An incredible new report suggests that a tremendous amount of violence has been going on deep beneath the waves of the Arctic Ocean.
Scientists were surprised recently after finding something truly amazing under the sea at the bottom of the Arctic Ocean. Researchers found gigantic craters, some as wide as 12 city blocks, all along the sea floor, and they think that methane gas explosions thousands of years ago caused them.
The first craters were spotted back in the 1990s, but the new study reveals just how extensive the explosions were about 11,600 years ago as the Ice Age reached its end. They found 100 giant craters and thousands of smaller ones, indicating that the sea floor was a violent place when the ice sheets began to retreat and release the trapped methane gas below.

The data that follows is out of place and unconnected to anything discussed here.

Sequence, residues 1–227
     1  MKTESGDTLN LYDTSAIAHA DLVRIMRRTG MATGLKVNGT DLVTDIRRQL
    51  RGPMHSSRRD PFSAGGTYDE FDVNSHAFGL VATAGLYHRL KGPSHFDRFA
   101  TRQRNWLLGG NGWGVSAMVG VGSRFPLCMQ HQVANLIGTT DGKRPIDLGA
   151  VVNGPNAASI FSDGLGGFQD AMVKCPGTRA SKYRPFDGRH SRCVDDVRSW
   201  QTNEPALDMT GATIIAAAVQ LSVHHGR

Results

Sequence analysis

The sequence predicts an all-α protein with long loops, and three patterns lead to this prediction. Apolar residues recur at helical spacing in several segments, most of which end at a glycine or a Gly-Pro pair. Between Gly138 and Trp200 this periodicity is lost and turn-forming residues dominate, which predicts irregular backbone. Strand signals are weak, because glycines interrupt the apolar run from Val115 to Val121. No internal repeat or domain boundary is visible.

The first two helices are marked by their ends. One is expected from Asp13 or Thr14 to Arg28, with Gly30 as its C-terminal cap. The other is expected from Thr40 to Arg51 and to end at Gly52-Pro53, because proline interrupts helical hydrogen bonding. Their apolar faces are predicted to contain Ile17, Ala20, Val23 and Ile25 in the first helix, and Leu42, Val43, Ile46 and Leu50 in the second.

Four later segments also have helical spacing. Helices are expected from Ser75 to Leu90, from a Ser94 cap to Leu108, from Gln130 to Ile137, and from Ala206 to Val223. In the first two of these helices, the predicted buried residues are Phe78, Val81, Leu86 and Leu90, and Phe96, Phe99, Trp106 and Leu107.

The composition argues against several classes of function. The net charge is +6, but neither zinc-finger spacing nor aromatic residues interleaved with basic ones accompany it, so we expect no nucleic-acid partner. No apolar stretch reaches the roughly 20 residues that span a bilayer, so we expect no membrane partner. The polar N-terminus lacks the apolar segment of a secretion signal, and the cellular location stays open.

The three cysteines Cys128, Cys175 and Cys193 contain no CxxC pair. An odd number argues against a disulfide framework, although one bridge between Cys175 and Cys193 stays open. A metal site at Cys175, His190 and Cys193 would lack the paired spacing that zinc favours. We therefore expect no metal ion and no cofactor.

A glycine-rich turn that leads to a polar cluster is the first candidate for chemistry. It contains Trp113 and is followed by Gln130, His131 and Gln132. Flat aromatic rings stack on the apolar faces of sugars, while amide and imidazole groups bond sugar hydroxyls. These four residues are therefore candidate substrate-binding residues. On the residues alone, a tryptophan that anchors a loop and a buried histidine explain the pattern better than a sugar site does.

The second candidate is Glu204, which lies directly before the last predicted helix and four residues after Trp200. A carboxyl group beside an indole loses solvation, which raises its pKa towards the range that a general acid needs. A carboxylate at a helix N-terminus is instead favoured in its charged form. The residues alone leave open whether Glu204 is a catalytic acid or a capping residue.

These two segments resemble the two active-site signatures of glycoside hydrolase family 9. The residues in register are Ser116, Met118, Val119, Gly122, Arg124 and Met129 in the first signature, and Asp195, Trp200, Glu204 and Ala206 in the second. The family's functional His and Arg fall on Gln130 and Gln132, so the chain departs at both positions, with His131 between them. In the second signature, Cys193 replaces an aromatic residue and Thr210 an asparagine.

It’s an indication that we still have much to learn about the Earth during this turbulent time, with some craters stretching a kilometer in width.
“The crater area was covered by a thick ice sheet during the last ice age, much as West Antarctica is today. As climate warmed, and the ice sheet collapsed, enormous amounts of methane were abruptly released. This created massive craters that are still actively seeping methane ” says Karin Andreassen, first author of the study and professor at CAGE Centre for Arctic Gas Hydrate, Environment and Climate. “But that is nothing compared to the blow-outs of the greenhouse gas that followed the deglaciation. The amounts of methane that were released must have been quite impressive.”